Friday, April 30, 2004
New York "Nightline" is calling tonight's program a simple tribute. Others call it anti-war propaganda. And one TV-station group is pre-empting it.
During the ABC News broadcast at 10:35 p.m., anchorman Ted Koppel will read aloud the name of a U.S. service man or woman killed in the Iraq war, as a corresponding photo appears on the screen along with that person's name, military branch, rank and age.
Expanded by 10 minutes from its usual half-hour, "Nightline" will include more than 500 killed in action in Iraq since March 19, 2003, as well as 200-plus noncombat deaths.
"These people have paid the ultimate price in our name," said "Nightline" executive producer Leroy Sievers, "and it's important to remember them, whether you think the price is worth it or not.
"It may not be great television. But it's the right thing to do, and that's why we're doing it."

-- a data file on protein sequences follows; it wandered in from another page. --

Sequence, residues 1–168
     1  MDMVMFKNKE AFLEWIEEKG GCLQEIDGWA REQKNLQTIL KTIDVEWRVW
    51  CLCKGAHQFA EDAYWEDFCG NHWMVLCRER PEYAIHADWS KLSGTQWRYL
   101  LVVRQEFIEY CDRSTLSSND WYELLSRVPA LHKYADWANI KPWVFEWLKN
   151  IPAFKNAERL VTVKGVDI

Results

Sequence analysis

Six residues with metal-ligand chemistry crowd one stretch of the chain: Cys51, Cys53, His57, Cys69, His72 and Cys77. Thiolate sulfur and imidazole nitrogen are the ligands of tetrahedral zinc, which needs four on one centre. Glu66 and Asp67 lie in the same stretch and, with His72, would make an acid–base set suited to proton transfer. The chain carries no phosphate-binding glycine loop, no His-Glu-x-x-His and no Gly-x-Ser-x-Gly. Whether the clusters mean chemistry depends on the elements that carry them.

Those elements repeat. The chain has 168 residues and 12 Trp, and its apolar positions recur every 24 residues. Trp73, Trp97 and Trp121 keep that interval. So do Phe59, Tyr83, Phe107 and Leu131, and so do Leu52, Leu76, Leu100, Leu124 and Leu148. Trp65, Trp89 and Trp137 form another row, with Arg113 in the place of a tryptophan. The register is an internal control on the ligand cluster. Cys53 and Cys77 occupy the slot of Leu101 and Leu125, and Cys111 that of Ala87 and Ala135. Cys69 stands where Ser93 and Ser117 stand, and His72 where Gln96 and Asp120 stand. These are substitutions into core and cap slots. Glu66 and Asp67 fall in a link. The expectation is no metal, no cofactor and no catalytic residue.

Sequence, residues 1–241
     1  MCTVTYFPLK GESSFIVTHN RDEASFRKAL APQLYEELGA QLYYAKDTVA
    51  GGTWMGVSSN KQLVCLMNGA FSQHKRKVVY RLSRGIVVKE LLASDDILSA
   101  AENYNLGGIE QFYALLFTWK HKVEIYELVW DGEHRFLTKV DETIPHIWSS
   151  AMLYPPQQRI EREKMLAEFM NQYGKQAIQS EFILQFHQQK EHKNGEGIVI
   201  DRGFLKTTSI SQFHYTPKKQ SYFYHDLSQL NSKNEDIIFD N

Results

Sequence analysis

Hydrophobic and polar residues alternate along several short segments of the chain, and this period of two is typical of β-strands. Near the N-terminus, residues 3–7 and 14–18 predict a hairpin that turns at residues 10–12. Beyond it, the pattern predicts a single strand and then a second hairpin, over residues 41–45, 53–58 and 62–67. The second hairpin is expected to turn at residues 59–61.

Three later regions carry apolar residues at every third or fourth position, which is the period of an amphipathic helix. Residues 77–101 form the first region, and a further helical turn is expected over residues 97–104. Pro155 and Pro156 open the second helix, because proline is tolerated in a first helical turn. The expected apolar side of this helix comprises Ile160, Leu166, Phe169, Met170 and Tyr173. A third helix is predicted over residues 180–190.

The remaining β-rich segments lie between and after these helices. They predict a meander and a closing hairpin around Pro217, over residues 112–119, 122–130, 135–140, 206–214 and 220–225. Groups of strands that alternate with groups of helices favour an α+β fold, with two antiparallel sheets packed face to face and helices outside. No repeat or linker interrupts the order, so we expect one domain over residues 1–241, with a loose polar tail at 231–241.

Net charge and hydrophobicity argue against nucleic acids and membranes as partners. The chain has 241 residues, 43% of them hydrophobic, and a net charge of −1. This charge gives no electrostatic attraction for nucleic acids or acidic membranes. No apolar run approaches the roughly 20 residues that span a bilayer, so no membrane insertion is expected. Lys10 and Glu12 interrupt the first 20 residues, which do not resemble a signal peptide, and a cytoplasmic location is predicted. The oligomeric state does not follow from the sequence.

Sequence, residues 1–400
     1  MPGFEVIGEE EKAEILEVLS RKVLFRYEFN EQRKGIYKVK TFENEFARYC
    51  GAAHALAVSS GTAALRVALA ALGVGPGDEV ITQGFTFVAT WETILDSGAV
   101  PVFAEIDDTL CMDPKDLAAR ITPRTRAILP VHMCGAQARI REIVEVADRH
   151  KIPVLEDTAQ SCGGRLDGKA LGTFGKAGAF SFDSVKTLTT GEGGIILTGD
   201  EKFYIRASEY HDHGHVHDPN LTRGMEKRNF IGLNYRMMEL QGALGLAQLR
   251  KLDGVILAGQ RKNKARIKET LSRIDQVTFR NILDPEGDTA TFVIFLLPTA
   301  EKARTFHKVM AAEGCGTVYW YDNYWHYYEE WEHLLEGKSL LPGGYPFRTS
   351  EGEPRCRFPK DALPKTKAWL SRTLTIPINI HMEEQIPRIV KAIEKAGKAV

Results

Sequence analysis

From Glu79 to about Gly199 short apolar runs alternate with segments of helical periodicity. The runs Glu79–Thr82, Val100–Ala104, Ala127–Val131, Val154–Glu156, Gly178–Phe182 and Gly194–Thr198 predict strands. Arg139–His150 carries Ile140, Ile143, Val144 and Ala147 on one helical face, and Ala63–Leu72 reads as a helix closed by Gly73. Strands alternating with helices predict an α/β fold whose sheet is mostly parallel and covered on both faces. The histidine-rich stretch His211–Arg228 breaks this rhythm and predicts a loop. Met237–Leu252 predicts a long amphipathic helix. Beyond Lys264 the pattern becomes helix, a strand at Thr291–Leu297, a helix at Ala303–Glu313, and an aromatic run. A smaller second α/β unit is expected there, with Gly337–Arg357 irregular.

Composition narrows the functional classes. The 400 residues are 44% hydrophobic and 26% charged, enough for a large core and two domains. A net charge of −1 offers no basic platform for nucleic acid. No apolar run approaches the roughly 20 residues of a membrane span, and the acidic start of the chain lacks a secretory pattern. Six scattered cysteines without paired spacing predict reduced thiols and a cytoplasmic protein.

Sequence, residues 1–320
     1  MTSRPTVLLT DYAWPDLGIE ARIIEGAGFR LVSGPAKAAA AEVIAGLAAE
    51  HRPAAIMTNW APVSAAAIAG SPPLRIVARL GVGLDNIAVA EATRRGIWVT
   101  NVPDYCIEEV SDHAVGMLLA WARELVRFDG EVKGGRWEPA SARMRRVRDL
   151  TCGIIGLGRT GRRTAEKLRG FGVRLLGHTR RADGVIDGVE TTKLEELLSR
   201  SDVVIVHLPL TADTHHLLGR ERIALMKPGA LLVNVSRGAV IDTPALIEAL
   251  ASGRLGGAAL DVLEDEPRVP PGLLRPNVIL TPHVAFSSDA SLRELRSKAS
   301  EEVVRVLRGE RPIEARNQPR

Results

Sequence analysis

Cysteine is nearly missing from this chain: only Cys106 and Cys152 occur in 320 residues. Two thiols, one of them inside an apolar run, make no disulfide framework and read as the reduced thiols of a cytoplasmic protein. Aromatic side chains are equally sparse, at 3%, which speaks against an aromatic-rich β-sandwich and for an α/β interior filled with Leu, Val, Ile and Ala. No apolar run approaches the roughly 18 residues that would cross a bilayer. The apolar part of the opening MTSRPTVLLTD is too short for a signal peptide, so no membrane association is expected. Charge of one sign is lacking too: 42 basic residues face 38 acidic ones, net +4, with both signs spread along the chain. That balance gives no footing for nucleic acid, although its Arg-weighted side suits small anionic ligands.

Sounds simple enough. But with the war much in dispute during a highly charged election year, nothing, it seems, is accepted at face value. So some observers think there's more here than meets the eye.
Sinclair Broadcast Group, a Maryland-based media company whose holdings include 62 TV stations, announced Thursday it would pre-empt "Nightline" on its eight ABC affiliates, including stations in Columbus, Ohio, St. Louis, Mo., and Tallahassee, Fla. The company said tonight's program "appears to be motivated by a political agenda designed to undermine the efforts of the United States in Iraq."
The company called the broadcast a political statement "disguised as news content," pointing to the producers' omission of "the names of thousands of private citizens killed in terrorist attacks" since 9-11.